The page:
The pioneering organic chemist discusses the rewards of working with young people and the role of chemistry in fighting Covid-19

Bert Meijer is distinguished university professor and professor of organic chemistry at Eindhoven University of Technology in the Netherlands. He is considered one of the founders of supramolecular polymer chemistry.

My parents grew up during the second world war. They were people who had to work extremely hard to get things done during and after the war. And if you’re a child of such parents, you must do that as well.

I was not really interested in chemistry when I was at high school. At that time, I did everything except think about what the next step for me would be. Suddenly, I decided I wanted to go to university. I would have loved to do medicine, but I can’t stand the sight of blood. It was clear that I was a science person. Mathematics and physics were too abstract. And biology at that time was too much about looking at birds and trees. And so, in between, there was chemistry.

My PhD was the best time of my life. Being a PhD student means you can go your own way. You learn a lot at a critical period in life. My BSc in Groningen was okay, but I didn’t really get excited about chemistry back then. That changed completely when I met my PhD advisor Hans Wynberg. He was so excited about organic chemistry that he made me very excited as well. He was like a second father to me. Ever since working with him, I would say ‘I’m in love with molecules’.

After finishing my PhD, I worked 10 years in industry. I did my PhD in 1,2-dioxetanes chemistry. In industry, I was introduced to polymer materials, functional materials and electronics – totally different fields. And when I came back to academia, I wanted to bring these two fields together. This brought me into the field of supramolecular chemistry, and into the discovery of supramolecular polymers as materials. And now due to that supramolecular thinking, I’m really excited about the fact that we should achieve a paradigm shift in synthetic chemistry. Similarly, as we progressed from making simple molecules like urea and nitrobenzene to synthesising Vitamin B12, we now propose building multicomponent systems following a multistep noncovalent pathway, for example, in synthesising an artificial extracellular matrix.

I was still working in industry when our children were born. I didn’t have to work as hard as in academia, so I spent a lot of time with my kids when they were young. But when I started as a professor, I felt that I had to do incredibly well for all our students. Consequently, I spent a lot of time working. In retrospect, I probably should have spent some more time with our children. But I can’t change that anymore as I followed my love for molecules at that time. What I try to do now is to support younger colleagues who are starting families – I’m very supportive they do this differently.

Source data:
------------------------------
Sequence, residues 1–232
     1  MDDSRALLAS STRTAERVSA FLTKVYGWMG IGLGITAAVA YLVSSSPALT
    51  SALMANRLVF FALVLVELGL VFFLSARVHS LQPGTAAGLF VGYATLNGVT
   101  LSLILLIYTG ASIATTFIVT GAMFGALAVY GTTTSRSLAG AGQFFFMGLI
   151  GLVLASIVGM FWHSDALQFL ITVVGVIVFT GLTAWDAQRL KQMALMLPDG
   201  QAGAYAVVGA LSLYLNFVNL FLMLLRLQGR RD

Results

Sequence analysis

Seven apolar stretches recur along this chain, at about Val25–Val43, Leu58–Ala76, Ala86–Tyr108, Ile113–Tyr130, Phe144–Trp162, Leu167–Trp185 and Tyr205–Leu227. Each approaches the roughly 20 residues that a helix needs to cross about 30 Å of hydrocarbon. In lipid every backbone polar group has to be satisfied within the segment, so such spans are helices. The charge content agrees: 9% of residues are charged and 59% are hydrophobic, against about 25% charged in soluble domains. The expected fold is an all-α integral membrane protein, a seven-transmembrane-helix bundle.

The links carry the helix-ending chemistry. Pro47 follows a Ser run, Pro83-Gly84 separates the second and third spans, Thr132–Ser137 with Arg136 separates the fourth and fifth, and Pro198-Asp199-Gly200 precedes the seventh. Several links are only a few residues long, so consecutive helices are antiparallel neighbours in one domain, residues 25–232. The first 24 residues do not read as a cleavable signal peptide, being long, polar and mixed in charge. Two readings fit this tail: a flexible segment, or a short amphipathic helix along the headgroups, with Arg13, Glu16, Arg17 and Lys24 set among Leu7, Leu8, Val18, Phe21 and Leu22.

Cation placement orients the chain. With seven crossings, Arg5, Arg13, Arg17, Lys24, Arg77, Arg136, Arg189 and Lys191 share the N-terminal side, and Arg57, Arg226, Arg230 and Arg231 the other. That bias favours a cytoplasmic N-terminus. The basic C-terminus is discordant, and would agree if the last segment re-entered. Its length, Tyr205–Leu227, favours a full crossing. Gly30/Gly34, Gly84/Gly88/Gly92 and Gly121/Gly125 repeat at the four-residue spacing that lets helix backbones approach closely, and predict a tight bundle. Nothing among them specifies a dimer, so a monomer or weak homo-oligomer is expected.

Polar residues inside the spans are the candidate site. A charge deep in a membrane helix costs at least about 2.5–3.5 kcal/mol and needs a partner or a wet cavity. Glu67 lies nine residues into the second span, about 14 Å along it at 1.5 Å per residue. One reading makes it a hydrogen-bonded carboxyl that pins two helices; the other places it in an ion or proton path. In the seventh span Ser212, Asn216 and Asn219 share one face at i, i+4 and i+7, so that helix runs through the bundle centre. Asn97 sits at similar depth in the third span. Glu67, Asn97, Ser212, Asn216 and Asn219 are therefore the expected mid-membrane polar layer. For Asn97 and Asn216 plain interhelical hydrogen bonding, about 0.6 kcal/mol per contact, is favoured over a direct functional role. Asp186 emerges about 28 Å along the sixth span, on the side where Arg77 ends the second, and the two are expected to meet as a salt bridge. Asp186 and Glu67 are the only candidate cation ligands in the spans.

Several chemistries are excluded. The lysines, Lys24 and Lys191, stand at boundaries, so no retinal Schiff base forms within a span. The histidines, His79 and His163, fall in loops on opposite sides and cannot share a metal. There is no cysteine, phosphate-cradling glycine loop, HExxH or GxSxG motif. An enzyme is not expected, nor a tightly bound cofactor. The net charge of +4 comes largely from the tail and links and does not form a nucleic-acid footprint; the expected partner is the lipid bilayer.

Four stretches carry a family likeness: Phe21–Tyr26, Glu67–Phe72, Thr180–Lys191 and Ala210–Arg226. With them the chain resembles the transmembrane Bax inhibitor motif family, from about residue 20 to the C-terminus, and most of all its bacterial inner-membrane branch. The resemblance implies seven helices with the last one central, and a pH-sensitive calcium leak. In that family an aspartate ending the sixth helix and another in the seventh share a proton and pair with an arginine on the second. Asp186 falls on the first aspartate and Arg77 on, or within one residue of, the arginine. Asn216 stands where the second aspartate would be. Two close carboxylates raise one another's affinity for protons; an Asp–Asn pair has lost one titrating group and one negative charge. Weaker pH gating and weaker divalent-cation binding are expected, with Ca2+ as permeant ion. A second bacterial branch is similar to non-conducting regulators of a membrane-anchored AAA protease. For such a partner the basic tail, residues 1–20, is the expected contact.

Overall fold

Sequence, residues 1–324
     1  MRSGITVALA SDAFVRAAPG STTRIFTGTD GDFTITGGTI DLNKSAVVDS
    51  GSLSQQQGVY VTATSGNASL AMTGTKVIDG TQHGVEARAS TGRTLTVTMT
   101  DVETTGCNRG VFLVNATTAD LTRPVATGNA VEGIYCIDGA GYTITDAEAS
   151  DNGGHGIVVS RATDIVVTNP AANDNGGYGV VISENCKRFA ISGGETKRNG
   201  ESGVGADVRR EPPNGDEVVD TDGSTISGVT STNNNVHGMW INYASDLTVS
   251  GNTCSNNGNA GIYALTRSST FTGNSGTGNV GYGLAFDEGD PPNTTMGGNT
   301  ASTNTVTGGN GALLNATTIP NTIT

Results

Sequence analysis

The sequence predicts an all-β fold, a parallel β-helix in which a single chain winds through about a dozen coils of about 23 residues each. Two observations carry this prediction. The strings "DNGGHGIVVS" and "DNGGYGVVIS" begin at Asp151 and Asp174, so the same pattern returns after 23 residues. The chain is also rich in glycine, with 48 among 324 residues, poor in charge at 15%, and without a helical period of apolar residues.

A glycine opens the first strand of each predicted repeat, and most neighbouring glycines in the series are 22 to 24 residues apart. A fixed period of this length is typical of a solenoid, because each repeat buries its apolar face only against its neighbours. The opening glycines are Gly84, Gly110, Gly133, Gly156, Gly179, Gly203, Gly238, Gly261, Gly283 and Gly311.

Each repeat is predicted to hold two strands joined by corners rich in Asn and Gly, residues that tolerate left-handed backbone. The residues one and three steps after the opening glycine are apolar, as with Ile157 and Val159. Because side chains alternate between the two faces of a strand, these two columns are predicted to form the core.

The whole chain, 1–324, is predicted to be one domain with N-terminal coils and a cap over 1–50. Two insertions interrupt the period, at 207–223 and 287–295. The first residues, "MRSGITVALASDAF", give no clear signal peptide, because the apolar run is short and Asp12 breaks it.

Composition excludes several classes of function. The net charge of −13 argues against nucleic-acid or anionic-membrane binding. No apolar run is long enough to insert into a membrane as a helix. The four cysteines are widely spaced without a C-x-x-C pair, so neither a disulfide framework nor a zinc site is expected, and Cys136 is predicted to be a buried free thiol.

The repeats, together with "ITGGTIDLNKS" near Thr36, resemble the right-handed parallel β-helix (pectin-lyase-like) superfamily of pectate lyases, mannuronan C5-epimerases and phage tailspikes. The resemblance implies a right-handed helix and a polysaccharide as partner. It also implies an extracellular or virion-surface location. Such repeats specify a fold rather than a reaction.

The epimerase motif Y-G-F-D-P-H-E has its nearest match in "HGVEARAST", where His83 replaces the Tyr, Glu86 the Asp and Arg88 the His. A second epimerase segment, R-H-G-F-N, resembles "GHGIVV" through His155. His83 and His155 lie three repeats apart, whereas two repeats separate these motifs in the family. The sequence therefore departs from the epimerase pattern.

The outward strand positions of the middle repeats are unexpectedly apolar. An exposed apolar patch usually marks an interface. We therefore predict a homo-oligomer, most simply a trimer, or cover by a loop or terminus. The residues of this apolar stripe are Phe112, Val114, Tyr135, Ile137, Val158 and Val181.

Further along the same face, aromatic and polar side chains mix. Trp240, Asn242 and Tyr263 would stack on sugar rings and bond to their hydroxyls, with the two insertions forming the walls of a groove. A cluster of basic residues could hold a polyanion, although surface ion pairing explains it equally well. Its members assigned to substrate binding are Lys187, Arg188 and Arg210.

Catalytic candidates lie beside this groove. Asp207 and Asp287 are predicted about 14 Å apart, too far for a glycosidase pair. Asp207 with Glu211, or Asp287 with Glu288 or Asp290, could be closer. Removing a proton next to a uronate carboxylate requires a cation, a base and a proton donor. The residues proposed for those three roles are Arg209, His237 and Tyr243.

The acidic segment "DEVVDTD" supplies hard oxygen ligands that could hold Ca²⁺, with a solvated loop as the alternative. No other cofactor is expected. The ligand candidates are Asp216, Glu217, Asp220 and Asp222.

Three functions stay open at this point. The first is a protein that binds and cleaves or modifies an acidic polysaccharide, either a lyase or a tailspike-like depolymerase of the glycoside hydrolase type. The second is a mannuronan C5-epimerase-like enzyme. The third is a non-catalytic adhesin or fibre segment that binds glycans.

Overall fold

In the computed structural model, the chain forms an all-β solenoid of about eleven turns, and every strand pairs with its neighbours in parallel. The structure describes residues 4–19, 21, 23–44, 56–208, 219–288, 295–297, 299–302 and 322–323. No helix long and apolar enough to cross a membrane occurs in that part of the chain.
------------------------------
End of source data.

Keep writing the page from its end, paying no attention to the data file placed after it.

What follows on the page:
I think universities should educate young people for the problems of 20–30 years from now, and not on the problems of today. And since no one exactly knows what those problems are, students should be free to work on things that have never been challenged, I’d call it blue skies research.

We should stand up and show our importance for all future challenges

Working with young people is the most rewarding part of the job. The beauty of being a university professor lies in helping students and postdocs in their career, just as my PhD advisor helped me. There are many intelligent and ambitious young people, with all kinds of different backgrounds. As a teacher I can help them in this very important part of their career, into a direction that will change their life. I would never move out of academia again.

I used to play field hockey, but I now play tennis. I was my kids’ coach for a while. Also, since I come from the north of the Netherlands, we like to be on lakes with a boat. I’m also a big AFC Ajax fan, the football team, which is not easy in a town full of PSV fans.

The credibility of science in society is not on the same level as it once was. First, I think scientific knowledge has become less important in decisions made in societies. Science doesn’t seem to be important in political decisions. Second, societies are driven by economic growth. So, in many places now, research is directed to economic profit and I think the last thing that society needs right now is to see people who are already extremely rich, become richer.

‘The world has enough for everyone’s need, but not enough for everyone’s greed.’ This quote of Mahatma Gandhi is my favourite one to keep in mind for saving our world for our grandchildren and their children in the decades to come. Chemists should play a prominent role in this challenge and I feel even more involved since I became a grandfather earlier this year.

I don’t think that the public at large understands the incredibly important role of chemistry in the Covid-19 pandemic. Without the small molecules used as drugs many more people would have died. Without the plastics to protect people in the hospital, everyone would be infected. If there were no chemists involved with designing sensors, testing wouldn’t be possible. And don’t forget the eminent role of chemists in making vaccines. But you don’t hear chemists saying how important their science is, and how to tackle this pandemic. We should stand up and show our importance for all future challenges!